Monthly Archives: September 2018

Sun-Maid Raisins Gets an Update

 

Do you remember the last time you bought raisins? It may have been awhile if you are like many consumers who look for the newest products on the market.

Raisins have been a staple of many families; that box of Sun-Maid Raisins in your pantry is from one of the oldest farm cooperative organizations around. Sun-Maid has been in business since 1912 and the cooperative is owned by family farmers who grow raisins and grapes in the Central Valley of California. However, although longevity can be a powerful statement for a company, it can also keep a company from being seen as relevant and up-to-date by today’s younger Millennial consumers. This is the case faced by Sun-Maid.

For the first time in more than 10 years, Sun-Maid will be launching a nation-wide marketing campaign to attract new consumers. The challenge is clear: Raisins are not a top-of-mind snack and faces many challengers for valuable grocery store shelf-space. Consumers are attracted by innovative, new foods. And, while Sun-Maid has launched new flavors of sour raisin snacks, the need for a makeover was clear.

Maintaining growers is also crucial. Raisin acreage in San Joaquin Valley has declined and raisin crops have been replaced by higher value crops including almonds, wine grapes, and other crops. The challenge is to increase consumption, retain growers, and gain new consumers.

What kind of snack do you buy?

Group Activities and Discussion Questions:

  1. Discuss how to build and use a SWOT analysis grid: strengths, weaknesses, opportunities, and threats (internal and external factors).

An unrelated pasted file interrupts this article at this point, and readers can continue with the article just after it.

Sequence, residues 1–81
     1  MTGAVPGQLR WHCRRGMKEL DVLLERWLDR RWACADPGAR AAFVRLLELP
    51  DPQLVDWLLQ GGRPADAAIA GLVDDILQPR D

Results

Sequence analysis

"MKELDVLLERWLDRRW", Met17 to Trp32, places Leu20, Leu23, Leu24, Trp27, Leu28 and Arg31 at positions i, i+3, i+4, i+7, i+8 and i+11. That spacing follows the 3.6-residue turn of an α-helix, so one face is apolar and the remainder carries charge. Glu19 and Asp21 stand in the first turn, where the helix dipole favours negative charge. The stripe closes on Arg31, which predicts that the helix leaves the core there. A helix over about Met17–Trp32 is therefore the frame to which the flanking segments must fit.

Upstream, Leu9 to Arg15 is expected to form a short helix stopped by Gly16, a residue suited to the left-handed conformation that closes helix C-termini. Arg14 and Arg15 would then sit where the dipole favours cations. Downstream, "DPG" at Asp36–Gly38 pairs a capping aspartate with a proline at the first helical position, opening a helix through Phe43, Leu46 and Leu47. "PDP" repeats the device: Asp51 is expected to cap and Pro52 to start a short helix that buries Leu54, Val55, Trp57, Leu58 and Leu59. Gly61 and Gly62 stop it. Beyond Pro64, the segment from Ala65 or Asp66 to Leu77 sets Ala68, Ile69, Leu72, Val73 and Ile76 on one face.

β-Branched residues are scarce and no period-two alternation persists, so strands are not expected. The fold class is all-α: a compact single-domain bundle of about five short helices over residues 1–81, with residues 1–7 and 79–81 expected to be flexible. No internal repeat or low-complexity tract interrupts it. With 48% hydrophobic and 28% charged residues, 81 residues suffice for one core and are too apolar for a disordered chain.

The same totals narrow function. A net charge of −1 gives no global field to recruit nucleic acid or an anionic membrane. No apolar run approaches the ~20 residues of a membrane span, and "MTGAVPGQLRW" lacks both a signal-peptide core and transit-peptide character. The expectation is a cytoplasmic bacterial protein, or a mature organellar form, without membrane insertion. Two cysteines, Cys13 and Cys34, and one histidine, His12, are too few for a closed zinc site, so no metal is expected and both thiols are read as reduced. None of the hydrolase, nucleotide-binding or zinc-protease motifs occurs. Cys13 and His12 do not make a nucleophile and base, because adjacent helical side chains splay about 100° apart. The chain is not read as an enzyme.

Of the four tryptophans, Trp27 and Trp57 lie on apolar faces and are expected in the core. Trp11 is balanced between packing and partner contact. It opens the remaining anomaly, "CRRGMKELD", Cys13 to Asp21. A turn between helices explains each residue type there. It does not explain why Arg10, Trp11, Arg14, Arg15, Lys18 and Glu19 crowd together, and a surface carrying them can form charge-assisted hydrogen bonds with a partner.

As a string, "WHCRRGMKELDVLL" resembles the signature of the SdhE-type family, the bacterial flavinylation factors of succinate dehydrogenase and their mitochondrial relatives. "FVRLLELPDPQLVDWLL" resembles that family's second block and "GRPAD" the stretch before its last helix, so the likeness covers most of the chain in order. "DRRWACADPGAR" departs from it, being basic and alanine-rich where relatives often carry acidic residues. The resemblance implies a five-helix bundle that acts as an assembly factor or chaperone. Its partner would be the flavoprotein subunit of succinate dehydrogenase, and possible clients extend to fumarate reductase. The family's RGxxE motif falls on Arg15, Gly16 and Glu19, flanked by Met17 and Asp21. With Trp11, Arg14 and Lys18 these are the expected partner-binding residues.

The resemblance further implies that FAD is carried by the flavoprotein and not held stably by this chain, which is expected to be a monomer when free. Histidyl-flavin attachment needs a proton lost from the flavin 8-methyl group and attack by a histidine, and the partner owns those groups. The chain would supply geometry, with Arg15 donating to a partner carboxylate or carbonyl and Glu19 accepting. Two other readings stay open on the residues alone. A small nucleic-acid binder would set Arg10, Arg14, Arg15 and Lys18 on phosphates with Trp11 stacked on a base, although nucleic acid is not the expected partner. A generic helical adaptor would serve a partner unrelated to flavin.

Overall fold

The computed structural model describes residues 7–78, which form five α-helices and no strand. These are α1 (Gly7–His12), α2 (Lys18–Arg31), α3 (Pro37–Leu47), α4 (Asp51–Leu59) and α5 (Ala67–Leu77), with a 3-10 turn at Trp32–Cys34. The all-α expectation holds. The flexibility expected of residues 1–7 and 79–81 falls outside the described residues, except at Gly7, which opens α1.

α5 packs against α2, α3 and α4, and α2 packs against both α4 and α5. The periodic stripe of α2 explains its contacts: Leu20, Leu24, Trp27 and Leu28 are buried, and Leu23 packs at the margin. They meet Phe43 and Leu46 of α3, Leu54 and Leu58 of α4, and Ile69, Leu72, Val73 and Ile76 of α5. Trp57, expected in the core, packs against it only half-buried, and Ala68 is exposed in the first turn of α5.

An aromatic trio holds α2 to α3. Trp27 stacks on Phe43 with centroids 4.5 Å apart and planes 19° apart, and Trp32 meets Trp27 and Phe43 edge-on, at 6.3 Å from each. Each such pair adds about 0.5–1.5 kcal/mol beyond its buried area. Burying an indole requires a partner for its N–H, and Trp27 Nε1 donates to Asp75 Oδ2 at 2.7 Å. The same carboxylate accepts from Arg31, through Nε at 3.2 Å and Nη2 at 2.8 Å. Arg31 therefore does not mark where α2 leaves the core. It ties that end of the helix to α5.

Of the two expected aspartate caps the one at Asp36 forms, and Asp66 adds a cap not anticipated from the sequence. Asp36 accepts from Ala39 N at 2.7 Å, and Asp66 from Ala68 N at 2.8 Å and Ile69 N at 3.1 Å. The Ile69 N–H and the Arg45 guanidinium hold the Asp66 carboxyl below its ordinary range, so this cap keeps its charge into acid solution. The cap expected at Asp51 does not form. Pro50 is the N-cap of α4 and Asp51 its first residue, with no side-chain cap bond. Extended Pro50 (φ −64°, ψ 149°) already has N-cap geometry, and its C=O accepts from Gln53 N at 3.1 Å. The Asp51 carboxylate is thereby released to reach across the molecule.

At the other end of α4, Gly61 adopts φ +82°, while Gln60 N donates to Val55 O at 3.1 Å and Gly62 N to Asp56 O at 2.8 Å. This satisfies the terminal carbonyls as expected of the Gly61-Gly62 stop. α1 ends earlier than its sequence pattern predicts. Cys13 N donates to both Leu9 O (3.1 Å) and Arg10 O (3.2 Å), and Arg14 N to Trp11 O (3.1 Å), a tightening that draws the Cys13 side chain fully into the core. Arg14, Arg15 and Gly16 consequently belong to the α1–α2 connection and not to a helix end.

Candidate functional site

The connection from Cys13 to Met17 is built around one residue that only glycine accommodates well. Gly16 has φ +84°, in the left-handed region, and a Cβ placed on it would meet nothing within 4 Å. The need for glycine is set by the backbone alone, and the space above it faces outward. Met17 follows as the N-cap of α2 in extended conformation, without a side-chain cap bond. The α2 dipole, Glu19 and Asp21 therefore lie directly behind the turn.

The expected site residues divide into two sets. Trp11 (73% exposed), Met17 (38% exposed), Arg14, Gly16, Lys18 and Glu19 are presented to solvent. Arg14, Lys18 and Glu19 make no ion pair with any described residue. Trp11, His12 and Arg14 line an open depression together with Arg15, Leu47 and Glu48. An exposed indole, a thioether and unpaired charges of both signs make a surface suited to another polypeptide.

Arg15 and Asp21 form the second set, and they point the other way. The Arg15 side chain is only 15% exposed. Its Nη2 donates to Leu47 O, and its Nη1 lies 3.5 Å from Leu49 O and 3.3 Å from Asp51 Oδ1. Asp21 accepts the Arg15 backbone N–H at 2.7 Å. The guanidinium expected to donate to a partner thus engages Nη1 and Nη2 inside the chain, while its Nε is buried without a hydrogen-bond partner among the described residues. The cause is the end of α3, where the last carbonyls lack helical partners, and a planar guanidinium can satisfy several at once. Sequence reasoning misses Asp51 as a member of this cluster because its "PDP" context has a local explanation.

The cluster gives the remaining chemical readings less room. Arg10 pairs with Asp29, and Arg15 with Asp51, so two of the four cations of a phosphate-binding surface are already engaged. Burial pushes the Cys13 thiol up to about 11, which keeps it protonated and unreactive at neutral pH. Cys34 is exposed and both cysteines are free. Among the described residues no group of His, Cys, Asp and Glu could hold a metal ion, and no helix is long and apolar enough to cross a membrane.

2. Review Sun-Maid Raisins: http://www.sunmaid.com
  3. For Sun-Maid, break students into teams and have each team build a SWOT analysis grid.
    1. Strengths: what is company good at?
    2. Weaknesses: what needs work?
    3. Opportunities: what is going on in marketplace?
    4. Threats: what should company be wary of?
  4. Based on the analysis, what are the issues and risks that might occur?
  5. Debrief by building SWOT analysis grid on the white board. Does this give a good picture of the situation faced by Sun-Maid?

Source:  Rodriguez, R. (19 August 2018). Will adding a sour kick get millennials to eat raisins? Fresno Bee.

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Cold and Hot: Coca-Cola and Coffee

While we in the U.S. might not be familiar with U.K.-based coffee company Costa, it has almost 4,000 stores, including several hundred in China, and is the third largest coffee brand in the industry (behind Starbucks and McDonalds). Costa was recently acquired by Coca-Cola for $5.1 billion. Why? Simply stated: because purchases of soft drinks are down, and coffee consumption is up. Coca-Cola’s earnings have gone from $14 billion in 2013 to under $9 billion in 2017. According to Euromonitor, coffee sales are forecast to grow 15.6% by 2022.

To date, Coca-Cola’s products have included soft drinks and water products including Coca-Cola, Sprite, Fanta, Diet Coke, Coca-Cola Zero, Coca-Cola Life, Dasani, Minute Maid, Ciel, PowerAde, Simply juice beverages, Coca-Cola Light, Fresca, Smart Water, Fuze, Honest Tea, and more, including several alcohol products in Asia. However, the company has not had a hot-drink in its product mix, nor has it had a significant retail footprint.